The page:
We are currently in the longest economic expansion in American history but there are several signs that indicate that we might be close to its end.
Although no one can predict exactly when the next financial crisis and recession will hit, there are many economic variables to watch out in order to understand that we are headed towards that direction.
In fact, it’s possible that we already are into a recession and we just don’t know it yet.
Let’s see what happened recently.
The recent decision of the Federal Reserve of cutting interest rates for the first time since 2008, by 25 basis points (0.25%), is a strong signal that the economy is not so strong.
Up until now, the FED had a data-oriented behavior in conducting its monetary policy. Right now, what they are doing is stimulating the economy before the crisis shows up.
In his speech Jerome Powell said that “the outlook for the U.S. economy remains favorable and this action is designed to support that outlook. It is intended to insure against downside risks from weak global growth and trade policy uncertainty, to help offset the effects that these factors are currently having on the economy and to promote a faster return of inflation to our symmetric 2 percent objective”.
If the outlook was really that good, is there the need for a monetary policy stimulus?
(The funny thing here is that less than one year ago the talkings were about interest rates hikes)
In addition, by doing that they are putting themselves in a very bad position when the next crisis really comes.
Now, the central bank’s ability to fight off the next recession or crisis is severely compromised.
The Fed will certainly use the lower-interest-rate tool in the next recession to try to fight it back. However, its power has much more weakened from the last time since the starting level is less than a half and interest rates are already declining now.
Yes, lower rates could lead to some temporary lending and growth, but that might not be a good reason to make it harder to fight the next recession.
Trade wars are a really hot topic and there are good reasons for that. The confrontation between U.S. and China goes beyond international trade and it is a political arm-wrestling.
Yet, trade wars could seriously become on of the catalyst of the coming recession if no agreement is found.
Morgan Stanley estimated that a recession could come in nine months’ time if President Donald Trump goes one step further in his plan to impose tariffs on Chinese-made consumer products.
All these uncertainties and trade tariffs can seriously harm global growth, bringing it to levels considered as global recession.
The problem with tariffs is that they are self-reinforcing as countries respond to each other’s actions.
It’s an impasse that weighs a lot among the uncertainties for economic growth. Probably, if it wasn’t for trade wars, the FED might be rising interest rates and strengthening the dollar instead of trying to counterbalance the uncertainties coming from international trade.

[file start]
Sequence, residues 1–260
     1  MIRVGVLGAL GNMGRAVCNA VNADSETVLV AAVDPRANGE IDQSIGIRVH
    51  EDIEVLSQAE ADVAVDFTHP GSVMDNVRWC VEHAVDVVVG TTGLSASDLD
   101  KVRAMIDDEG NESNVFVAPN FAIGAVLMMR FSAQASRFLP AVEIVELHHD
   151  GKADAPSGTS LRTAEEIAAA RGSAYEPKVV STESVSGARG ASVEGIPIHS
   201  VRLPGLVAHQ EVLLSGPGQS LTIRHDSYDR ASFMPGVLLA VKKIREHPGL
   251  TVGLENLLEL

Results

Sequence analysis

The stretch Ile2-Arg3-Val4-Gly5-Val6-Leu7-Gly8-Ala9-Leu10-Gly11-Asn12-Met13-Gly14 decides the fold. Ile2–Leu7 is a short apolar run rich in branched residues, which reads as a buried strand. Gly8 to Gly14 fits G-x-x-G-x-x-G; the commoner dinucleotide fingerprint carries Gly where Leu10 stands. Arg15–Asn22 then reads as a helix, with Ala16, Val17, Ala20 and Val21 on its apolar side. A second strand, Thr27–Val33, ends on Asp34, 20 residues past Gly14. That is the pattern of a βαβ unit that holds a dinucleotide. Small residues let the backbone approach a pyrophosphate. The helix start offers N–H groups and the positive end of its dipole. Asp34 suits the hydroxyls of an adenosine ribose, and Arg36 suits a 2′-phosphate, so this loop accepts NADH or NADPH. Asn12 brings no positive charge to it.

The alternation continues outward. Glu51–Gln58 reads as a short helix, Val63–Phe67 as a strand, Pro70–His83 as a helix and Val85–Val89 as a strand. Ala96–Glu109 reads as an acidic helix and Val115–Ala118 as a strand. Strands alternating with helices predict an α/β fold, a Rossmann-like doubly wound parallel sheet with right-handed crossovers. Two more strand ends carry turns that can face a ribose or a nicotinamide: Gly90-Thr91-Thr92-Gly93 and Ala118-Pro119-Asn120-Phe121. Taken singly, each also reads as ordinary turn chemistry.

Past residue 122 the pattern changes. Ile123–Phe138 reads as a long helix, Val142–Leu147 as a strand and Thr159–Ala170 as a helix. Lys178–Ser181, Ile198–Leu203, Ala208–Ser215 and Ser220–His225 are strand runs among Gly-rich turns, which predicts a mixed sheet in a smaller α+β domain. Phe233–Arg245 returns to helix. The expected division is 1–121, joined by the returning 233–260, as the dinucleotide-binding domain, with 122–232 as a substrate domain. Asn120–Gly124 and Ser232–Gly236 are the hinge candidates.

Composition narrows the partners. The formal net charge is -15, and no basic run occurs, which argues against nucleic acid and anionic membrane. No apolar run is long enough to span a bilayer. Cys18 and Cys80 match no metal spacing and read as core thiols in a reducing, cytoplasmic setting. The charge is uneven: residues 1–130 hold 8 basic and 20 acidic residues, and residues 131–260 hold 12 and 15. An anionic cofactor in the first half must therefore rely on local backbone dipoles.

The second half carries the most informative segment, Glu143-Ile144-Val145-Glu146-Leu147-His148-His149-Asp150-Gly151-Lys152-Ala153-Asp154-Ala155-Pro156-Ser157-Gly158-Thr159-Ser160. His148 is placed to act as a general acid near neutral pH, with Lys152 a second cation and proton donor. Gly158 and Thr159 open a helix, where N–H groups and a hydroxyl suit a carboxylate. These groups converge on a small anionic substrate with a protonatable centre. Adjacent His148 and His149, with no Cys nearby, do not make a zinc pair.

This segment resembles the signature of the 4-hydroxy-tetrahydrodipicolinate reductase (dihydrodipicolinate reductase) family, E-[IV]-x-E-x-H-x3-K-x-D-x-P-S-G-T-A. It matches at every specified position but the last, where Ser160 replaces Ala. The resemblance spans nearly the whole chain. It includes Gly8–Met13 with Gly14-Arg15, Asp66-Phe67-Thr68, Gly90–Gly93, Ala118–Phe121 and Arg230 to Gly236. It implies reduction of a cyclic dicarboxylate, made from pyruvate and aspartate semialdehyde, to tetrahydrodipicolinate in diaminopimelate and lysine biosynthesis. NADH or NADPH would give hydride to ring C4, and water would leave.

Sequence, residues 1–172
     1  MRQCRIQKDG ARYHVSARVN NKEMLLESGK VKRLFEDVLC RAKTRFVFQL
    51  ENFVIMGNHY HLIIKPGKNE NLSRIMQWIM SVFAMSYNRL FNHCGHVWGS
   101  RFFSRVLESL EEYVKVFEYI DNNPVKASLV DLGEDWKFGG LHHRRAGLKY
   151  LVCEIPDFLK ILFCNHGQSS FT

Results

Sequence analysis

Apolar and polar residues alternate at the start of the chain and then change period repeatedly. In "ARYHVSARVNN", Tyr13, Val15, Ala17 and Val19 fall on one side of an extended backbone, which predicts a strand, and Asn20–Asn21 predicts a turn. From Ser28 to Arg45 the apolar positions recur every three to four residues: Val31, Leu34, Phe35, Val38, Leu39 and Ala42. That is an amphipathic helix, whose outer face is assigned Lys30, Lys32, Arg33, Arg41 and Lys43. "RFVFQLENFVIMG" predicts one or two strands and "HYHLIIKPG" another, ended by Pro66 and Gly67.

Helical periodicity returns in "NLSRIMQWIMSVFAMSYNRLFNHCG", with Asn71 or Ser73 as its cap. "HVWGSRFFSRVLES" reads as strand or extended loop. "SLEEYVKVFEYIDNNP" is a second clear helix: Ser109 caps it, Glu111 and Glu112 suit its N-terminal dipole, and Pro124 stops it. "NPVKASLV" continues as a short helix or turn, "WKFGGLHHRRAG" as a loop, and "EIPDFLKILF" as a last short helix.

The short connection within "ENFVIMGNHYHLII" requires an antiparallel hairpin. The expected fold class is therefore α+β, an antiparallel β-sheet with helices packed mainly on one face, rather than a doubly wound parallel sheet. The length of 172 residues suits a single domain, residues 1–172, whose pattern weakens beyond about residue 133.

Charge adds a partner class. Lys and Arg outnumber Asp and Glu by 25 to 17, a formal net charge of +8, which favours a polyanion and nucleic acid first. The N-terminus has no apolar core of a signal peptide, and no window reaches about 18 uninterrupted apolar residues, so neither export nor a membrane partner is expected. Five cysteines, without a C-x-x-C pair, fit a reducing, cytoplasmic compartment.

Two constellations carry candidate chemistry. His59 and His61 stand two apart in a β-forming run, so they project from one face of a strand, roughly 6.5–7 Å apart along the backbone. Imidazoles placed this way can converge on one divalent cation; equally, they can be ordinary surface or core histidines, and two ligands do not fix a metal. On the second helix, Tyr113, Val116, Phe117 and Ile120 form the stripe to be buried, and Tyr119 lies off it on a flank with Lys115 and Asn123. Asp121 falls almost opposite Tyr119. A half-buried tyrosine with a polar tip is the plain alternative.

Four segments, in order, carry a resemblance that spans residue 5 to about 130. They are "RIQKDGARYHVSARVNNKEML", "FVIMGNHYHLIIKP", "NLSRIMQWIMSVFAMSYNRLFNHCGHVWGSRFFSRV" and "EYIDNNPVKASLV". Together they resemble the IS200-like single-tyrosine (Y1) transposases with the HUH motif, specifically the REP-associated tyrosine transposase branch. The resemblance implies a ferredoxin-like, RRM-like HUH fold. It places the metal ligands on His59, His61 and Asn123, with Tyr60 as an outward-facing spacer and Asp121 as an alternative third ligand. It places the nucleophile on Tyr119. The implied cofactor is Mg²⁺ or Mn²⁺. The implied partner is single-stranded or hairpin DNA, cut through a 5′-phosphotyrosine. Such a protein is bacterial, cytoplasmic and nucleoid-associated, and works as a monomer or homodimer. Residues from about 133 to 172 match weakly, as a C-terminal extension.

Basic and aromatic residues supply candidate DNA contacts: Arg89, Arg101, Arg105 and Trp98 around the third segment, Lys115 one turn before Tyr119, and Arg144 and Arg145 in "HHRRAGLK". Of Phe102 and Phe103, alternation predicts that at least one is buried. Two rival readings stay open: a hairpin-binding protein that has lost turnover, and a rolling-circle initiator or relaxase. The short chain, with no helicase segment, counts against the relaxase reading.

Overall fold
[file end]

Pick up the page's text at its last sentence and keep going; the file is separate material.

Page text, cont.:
The Bigger Picture
When considering what’s happening right now, it is very easy to shift the attention to the short-term.
Yes trade wars have a significant impact on the global economy and yes the fact that the FED decided to cut interest rates is relevant for your investments.
However, the truth that you can’t really see if you keep your attention focused on these events is that:
No matter what happens today or tomorrow, the economy works in cycles.
And these economic cycles are governed by a succession of causes and effects.
In considering what will be next, it always happen that market participants tends to project the current scenario of what has already happened in the future.
The problem however, is when a given behavior produces big imbalances. In that case, it is guaranteed that a given set of circumstances can’t last indefinitely.
That is exactly what has been going on with monetary policy and debt.
Since the financial crisis central banks have been lowering interest rates and doing quantitative easing (i.e., printing money and buying financial assets) in ways that are unsustainable.
This provided a huge stimulus for the economy but at the same time it led to another increase to the overall amount of debt that is frighteningly high. In fact, the situation since the financial crisis didn’t improve at all.
It may continue to go on for some years, but there is no monetary policy stimulus that can avoid the unavoidable: sooner or later we will have to deal with the problem of debt and liabilities.
Traditional measures won’t be enough, interest rates are already low and it is likely to see other forms of easing like currency depreciation and public debt monetization, with clear effects on the economy, inflation and stores of value like gold.
This might be a solution to the problem of debt. Sounds too strange or extreme? It has already been done many times in the past and what convinces me this time, is that central banks have little choice unless they want to create the worst crisis ever seen and deemed accountable for it.
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